Despite the lockdowns in the region caused by the coronavirus, the construction of five small hydropower plants (SHPPs) has begun or is being pushed in the south of Bosnia and Herzegovina’s capital Sarajevo, according to a joint press release by the Coalition for the Protection of Rivers in Bosnia and Herzegovina, Riverwatch and EuroNatur. In some cases, they say, investors don’t have permits to build the dams.
It seems investors in the Balkans have ideas similar to those of the lobbyists in Brussels, who haven’t wasted any time in pursuing big business interests.
The corona crisis is a threat to the Blue Heart of Europe – the unique Balkan rivers, the NGOs said and asserted that investors are increasingly taking advantage of the situation to build controversial hydropower projects in secret.
The construction sites in question are on the rivers Bjelava, Mala Bjelava, Vrhovinska, Željeznica and Prača. Most are almost untouched and all are exceptionally beautiful, the message underscores.
The construction of a hydropower plant on the Vrhovinska river is illegal, environmentalists claim
The construction of the hydropower plant on the Vrhovinska river is illegal as no permits have been issued for its construction, environmentalists claimed, citing unnamed sources.
In addition, works are conducted without the legally required building supervision, as inspectors are absent due to the COVID-19 pandemic, the organizations added.
Moratorium sought for the construction of SHPPs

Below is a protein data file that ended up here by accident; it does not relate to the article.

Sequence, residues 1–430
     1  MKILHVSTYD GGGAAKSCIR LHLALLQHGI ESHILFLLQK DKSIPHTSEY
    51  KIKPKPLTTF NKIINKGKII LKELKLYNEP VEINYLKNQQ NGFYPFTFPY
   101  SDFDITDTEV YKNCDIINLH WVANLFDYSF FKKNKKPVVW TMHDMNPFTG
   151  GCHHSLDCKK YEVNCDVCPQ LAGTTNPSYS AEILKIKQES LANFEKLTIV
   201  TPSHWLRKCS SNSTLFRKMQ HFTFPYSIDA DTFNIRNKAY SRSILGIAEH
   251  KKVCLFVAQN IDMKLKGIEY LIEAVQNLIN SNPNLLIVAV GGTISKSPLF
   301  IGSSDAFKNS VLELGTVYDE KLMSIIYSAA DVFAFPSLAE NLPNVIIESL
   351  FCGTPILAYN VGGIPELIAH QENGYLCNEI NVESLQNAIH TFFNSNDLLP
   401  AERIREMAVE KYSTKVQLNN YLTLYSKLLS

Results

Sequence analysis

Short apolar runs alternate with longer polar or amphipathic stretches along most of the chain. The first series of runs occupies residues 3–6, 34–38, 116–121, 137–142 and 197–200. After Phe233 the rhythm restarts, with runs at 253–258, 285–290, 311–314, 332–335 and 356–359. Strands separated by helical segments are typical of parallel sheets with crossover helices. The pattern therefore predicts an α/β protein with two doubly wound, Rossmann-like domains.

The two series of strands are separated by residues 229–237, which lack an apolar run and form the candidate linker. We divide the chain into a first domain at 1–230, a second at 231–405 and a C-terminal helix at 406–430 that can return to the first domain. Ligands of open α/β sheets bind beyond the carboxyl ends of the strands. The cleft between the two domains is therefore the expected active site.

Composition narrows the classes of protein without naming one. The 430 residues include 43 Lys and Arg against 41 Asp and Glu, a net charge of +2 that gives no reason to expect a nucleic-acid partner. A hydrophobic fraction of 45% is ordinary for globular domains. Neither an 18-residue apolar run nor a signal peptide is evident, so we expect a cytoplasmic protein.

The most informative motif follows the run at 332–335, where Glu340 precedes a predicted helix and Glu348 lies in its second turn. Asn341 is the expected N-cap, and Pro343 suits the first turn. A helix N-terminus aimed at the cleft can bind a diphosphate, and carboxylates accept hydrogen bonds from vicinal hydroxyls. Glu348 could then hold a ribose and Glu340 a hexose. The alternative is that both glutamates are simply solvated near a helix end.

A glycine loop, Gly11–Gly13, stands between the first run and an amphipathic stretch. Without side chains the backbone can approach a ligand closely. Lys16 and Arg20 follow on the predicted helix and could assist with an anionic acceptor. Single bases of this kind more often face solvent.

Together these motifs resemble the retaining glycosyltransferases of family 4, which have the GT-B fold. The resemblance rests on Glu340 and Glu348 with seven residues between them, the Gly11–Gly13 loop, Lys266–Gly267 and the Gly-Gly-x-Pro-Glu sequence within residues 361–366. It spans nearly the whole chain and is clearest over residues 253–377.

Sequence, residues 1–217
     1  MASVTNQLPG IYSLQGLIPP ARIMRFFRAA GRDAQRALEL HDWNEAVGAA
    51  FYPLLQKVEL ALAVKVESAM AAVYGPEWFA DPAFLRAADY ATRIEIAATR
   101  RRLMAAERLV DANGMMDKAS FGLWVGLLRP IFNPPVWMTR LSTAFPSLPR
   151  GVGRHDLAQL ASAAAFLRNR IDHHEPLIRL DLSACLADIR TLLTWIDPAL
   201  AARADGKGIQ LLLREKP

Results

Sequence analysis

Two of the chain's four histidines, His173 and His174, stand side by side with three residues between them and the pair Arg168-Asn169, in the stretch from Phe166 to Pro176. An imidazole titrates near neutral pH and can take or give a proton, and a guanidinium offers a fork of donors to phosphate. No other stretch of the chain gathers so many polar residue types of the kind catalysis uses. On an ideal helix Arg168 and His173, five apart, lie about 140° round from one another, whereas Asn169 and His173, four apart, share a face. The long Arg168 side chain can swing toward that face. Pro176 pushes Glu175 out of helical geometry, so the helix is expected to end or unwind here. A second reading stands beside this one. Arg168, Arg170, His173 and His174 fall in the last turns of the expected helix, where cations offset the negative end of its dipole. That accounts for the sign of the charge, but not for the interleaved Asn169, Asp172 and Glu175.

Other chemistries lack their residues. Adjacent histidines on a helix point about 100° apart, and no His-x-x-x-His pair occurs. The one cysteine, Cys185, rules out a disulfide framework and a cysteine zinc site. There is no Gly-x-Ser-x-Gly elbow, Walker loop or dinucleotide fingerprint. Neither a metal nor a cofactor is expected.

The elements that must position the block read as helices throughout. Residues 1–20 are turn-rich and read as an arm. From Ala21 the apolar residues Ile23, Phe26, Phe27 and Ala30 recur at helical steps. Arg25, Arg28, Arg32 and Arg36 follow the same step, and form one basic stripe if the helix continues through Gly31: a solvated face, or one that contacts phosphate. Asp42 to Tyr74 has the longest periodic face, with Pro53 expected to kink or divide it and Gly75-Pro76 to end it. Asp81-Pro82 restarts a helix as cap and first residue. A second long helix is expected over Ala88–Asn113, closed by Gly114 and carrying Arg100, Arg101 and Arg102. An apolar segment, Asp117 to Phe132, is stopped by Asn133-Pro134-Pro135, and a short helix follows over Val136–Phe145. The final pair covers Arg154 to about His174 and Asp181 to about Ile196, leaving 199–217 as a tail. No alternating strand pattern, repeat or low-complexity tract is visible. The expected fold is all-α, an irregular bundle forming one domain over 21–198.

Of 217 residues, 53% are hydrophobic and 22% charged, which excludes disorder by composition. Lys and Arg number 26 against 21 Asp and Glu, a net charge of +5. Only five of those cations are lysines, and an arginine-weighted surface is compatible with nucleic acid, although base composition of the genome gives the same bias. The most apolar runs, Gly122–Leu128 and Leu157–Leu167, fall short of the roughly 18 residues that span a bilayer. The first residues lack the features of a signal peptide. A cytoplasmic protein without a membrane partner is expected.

The Coalition for the Protection of Rivers in Bosnia and Herzegovina and the Save the Blue Heart of Europe campaign call on prime ministers and presidents of the entities making up BiH to stop the activity and urgently impose a moratorium on the construction of SHPPs as well as on new concessions.
Redžib Skomorac of the NGO Center for Environment
The state of emergency should not be an excuse for the exploitation of public resources, but rather an occasion for solidarity and sensible use of our resources.
Ulrich Eichelmann of Riverwatch, coordinator of the Save the Blue Heart of Europe campaign, said investors are taking advantage of a unique opportunity to avoid inspections or any protests that residents and environmental organizations would hold.
Anes Podić from NGO Eko Akcija
We call for more rigorous prevention and tougher penalties to prevent unjust enrichment, criminal behaviour and usurious opportunism, i.e. to ensure that the competent authorities comply with the law, constitutional and moral principles.
“We are not talking about just any streams and rivers, but about the most unique and so far largely untouched watercourses,” says Eichelmann.